Kyle Moison Is Motivated By Much More Than Personal Records

* Kyle Moison has been near the top of the national weight throw charts all season long

Photo Credit (Left Image): Valley Breeze

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Kyle Moison is never disappointed with a PR, whether it's by an inch or a foot.

He'll tell you that straight up.

"At the end of the day, I'm here to throw as far as I possibly can," he says.  

But boiled down, that also means one thing: Moison is always in search of another big throw.

And guess what? In 2020, things have been going quite nicely. The Lincoln High School senior and University of Auburn recruit has stretched his personal best mark in the weight throw by nearly four feet, culminating with a career toss of 78 feet, 8.5 inches this past weekend at the Rhode Island Interscholastic League Indoor Championships on Feb. 15. 

If not for the debut of two-time returning New Balance Nationals Indoor champion Trey Knight the same weekend -- Knight threw 83-11.75 at the Simplot Games -- Moison would have found himself at the top of the country in the weight throw. 

But here's a fun fact: Moison isn't concerned about someone throwing farther than him.

"People are throwing far and at the end of the day it's going to want to make you throw far," he said. "Competition, nothing beats it." 

In fact, he applauds efforts like it. Even welcomes them.

In-state competitor Logan Coles, of Woonsocket High School, launched a personal best mark of 77-4.5 on Feb. 8 at his Rhode Island State Championships. It was about a foot farther than Moison.

Didn't matter. He embraced it. 

"What makes throwers so unique is that as athletes, yeah, we all want to throw far," Moison said. "We want to beat the best guy. But we also want to see the best guy throw as far as he can. Logan, he pushes me. Trey Knight, he pushes me." 

On top of his successes in the weight throw, Moison also ranks US No. 20 in the shot put with a mark of 59 feet, 0.5 inches. Like his work in the weight throw, he's changed his technique in recent years. It's led to more consistent marks. 

But part of that development has also come out of a desire of wanting to get better, he says. Internal motivation has driven Moison, a returning All-American at New Balance Nationals Indoor, toward greater heights in 2020.

He's secured five efforts over 75 feet this season alone, compared to none in 2014.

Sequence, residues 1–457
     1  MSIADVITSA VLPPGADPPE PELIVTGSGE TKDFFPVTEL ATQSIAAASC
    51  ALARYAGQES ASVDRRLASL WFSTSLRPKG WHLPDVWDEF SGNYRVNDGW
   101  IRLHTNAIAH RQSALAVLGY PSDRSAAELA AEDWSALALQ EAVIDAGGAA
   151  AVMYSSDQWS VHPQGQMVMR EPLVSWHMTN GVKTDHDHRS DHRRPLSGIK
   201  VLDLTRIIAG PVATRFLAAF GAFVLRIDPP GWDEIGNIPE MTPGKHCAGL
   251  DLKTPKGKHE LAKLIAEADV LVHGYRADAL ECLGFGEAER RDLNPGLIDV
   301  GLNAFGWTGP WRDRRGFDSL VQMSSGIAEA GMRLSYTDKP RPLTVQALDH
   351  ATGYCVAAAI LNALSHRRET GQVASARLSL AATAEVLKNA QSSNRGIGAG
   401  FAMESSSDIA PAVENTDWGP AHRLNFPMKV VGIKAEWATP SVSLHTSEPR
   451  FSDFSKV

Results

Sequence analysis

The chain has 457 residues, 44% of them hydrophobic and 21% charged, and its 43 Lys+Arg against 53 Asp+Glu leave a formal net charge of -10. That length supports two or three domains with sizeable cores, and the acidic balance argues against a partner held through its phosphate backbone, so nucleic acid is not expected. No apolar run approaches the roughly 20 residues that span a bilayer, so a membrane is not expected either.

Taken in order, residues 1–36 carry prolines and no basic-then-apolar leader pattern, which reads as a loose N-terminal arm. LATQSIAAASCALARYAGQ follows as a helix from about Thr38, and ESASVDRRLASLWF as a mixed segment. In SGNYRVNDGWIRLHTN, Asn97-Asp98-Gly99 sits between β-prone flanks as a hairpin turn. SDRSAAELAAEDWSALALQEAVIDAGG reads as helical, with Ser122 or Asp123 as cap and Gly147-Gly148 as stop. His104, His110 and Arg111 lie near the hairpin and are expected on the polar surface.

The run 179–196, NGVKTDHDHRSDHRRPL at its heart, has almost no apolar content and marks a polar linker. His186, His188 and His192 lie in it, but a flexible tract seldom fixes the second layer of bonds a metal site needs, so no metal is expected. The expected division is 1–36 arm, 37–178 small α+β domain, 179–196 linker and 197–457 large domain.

"When he has the pressure on, he seems to do pretty good," said Brian Grant, Moison's head throws coach at Lincoln. 

Two possible reason for the high schooler's quick ascent has been his work ethic and focus on technique.

Over the season, Grant has worked with Moison on adding another turn in the circle. He's up to three. Moison says he's added a toe turn that helps set up the other three.

There's also an increased focus on his delivery -- 'pitching it out instead of across' -- which has led to more consistent attempts in the weight. 

"He's a very athletic kid," Martin said. "We mimic what he does in the hammer." 

"With me having one of the best coaches ever," Moison said. "It's been smooth sailing. We've worked on the changes in every practice." 

In the shot put, Moison has moved from the glide technique to the spin. That took place in 2019. While he has yet to eclipse his personal record of 59-11 from 2019, he's scored three separate efforts over 59 feet and has five combined over 57.

Consistency, he believes, will eventually lead to a bigger reward. 

"It's like any sport, the more reps you put in, the better you get eventually," Moison said. 

Let's talk about focus. A former football player, Moison converted to the track and field exclusively this season. He signed with Auburn over the National Letter of Intent period in the fall. His future will continue beyond 2020. 

More time afforded in the circle has led to better precision. In training, Martin says, the pair will set a plan to work on a few things, then come out and break down the technique on video. 

"Other times during practice," Martin said, "We'll try to keep it simple. We'll just work on one to two things at a time. The majority of the time, everything else falls into place." 

The bigger payoff down the line could be the outdoor season. With a PR of 233-4 in the hammer, Moison is the second best returner in the event -- only behind Knight -- and is top 25 in the discus. He's on the cusp of the top 50 marks in the country in the shot put. 

But first, the Rhode Island senior is focused on ending his indoor season on a high note. 

"The consistency is a big thing we're looking for," Martin said. "Hopefully a big number will pop from there." 

"Anywhere around 78 to 80 feet," Moison said. "I'd be happy with that." 

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